It was at school where Jesse Owens met Coach Riley. Said Riley, “He wasn’t the fastest boy, or the best one, but he was the hardest worker. He was always the last to leave practice.”

It was Riley who taught Jesse not to run, but to float. To run as though the ground was on fire. And after such a rocky start, Jesse was built to run, as sleek as a greyhound, with the heart of a lion.


Jesse Owens followed his heart to Berlin, crushing the Aryan dreams of Hitler’s 1936 Olympiad. He set Olympic records and won 4 gold medals in the 100 m dash, the 200 m dash, the 4×100 m relay, and the long jump – a feat that stood unmatched until Carl Lewis took 4 gold medals at the Salt Lake City Games in 1984.

Jesse Owens at start of record breaking 200 meter race during the Olympic games 1936 in Berlin (photographic montage). Public domain. Available via
Jesse Owens, long jump, 1936. Bundesarchiv, Bild 183-R96374 / CC-BY-SA 3.0 [CC BY-SA 3.0 de (], via Wikimedia Commons


I told this story at my storyteller’s group on Wednesday night this week. The theme was Following your Heart, and as I write, I’m watching the Canadian women’s Olympic gold medal hockey game aganst the USA. I wanted a story that combined the heart idea with the Olympics, and when I read the anecdote of the tumour, I knew this was the right story to tell.

Weird trivia

At the Olympics, Jesse Owens was wearing handmade, leather athletic shoes made for him by Adolf Dassler.

“Adi” Dassler went on to found Adidas.

Sommerolympiade, Siegerehrung Weitsprung
Jesse Owens salutes the American flag after winning the long jump at the 1936 Summer Olympics. Naoto Tajima, Owens, Lutz Long. Bundesarchiv, Bild 183-G00630 / Unknown / CC-BY-SA 3.0 [CC BY-SA 3.0 de (], via Wikimedia Commons

Olympic Postscript

RATS! Shootouts suck.


10 things you may not know about Jesse Owens. Klein, C. (Sep 12 2013). Retrieved 21 Feb 2018 from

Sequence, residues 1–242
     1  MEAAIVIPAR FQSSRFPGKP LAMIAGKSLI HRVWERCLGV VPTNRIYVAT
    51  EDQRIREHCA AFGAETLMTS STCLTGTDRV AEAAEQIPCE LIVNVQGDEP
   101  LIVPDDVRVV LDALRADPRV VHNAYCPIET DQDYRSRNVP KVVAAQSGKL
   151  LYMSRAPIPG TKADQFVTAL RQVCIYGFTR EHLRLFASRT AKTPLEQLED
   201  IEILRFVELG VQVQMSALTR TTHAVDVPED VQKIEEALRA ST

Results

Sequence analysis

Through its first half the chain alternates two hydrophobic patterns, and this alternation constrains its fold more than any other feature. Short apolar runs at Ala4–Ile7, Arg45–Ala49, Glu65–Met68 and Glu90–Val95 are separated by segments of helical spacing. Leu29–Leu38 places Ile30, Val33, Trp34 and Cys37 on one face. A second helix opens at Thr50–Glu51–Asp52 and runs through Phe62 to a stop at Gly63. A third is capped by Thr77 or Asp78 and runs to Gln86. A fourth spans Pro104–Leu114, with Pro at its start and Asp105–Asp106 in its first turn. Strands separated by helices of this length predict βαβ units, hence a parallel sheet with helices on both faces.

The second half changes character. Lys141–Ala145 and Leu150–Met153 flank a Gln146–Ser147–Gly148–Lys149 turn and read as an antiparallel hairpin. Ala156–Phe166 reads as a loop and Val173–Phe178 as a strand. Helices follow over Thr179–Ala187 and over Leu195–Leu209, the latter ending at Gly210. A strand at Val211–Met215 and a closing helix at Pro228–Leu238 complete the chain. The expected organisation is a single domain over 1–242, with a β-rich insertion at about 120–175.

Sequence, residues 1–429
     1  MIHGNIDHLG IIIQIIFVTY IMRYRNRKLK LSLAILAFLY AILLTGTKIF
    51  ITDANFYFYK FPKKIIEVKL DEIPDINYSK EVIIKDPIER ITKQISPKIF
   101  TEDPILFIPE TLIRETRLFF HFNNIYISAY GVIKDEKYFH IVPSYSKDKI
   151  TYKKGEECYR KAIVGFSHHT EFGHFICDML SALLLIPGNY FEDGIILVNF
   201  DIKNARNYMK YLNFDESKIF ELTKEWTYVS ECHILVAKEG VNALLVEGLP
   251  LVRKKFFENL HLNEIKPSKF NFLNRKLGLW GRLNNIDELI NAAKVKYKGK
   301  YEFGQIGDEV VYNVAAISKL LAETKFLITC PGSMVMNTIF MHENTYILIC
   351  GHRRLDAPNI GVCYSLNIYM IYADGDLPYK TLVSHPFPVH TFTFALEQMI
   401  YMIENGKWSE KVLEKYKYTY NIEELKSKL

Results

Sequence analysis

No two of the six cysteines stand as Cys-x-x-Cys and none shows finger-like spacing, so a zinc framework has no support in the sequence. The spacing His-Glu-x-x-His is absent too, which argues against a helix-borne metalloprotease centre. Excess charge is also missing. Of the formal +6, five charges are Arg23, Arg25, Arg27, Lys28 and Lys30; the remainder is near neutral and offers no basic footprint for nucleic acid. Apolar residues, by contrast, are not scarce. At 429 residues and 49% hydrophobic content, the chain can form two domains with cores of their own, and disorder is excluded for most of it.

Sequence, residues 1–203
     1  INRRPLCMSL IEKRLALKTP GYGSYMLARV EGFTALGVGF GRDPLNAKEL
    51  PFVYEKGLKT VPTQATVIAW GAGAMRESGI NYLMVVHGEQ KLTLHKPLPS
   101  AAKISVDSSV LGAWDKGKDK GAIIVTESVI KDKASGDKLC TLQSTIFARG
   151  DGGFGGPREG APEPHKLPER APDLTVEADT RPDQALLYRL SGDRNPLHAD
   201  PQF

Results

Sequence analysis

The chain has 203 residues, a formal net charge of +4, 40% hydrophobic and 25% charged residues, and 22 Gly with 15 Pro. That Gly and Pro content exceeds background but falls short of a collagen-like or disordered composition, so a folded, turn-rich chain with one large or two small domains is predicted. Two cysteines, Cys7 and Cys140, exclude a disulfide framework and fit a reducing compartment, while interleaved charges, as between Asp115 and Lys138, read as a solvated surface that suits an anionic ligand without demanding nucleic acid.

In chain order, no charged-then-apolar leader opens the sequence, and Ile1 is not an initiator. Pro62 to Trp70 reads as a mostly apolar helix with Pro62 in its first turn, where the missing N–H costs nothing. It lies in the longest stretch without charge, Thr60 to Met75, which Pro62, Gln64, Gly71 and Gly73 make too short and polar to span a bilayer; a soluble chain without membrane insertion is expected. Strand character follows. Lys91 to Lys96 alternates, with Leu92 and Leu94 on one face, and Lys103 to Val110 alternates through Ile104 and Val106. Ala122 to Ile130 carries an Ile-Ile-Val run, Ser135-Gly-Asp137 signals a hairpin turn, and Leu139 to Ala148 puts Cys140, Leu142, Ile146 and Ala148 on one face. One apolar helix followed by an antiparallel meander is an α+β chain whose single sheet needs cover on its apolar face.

1936 – Owens wins 4th gold medal. Retrieved 21 Feb 2018 from

About Jesse Owens. Retrieved 21 Feb 2018 from Jesse Owens Olympic Legend.

How Jesse Owens’ Childhood Made Him the Champion Seen in Race. Schaap, J. (Feb 19 2016). Retrieved 21 Feb 2018 from Time.

Jesse Owens. Retrieved 21 Feb 2018 from

Jesse Owens. Retrieved 21 Feb 2018 from Wikipedia.

Jesse Owens Biography. Retrieved 21 Feb 2018 from the Encyclopedia of World Biography.


Genealogical Research · Genealogy Basics · storytelling

How I went from a blogger to a guest lecturer

How do you know this stuff? Did you learn it at school?

There are so many answers to this question, but in the beginning, I learned my stories from my family.

The family stories

If you’re lucky, someone in your family is the family historian and the teller of tales. Our grandmother held that place in our family, and she liked to invite us for Sunday dinner. Each time, we’d ask her to tell stories – perhaps the one about the pigeons kept on the deck; or the one about the baseball cards and the chewing gum; or the one about the two day housewarming party; but mostly, stories about food. Eventually, I started writing these stories down. I don’t have them all, but I have a few. The trick to collecting family stories is to write them down exactly as they’re told. It doesn’t matter if this time isn’t the same as last time. They’re all true – perhaps not factually true, but emotionally true.

Family stories helped make sense of the world, and I was a curious child.

The family photos

I am fascinated by photography. A picture is not only a visual record of time and place, but also environment, society, people, and events. I have a storehouse of tens of thousands of pictures, a good chunk of which are family photos. Most are without identification, so I have spent hundreds of hours with them, using scanners, facial recognition software, logic, and a journal to record questions and answers.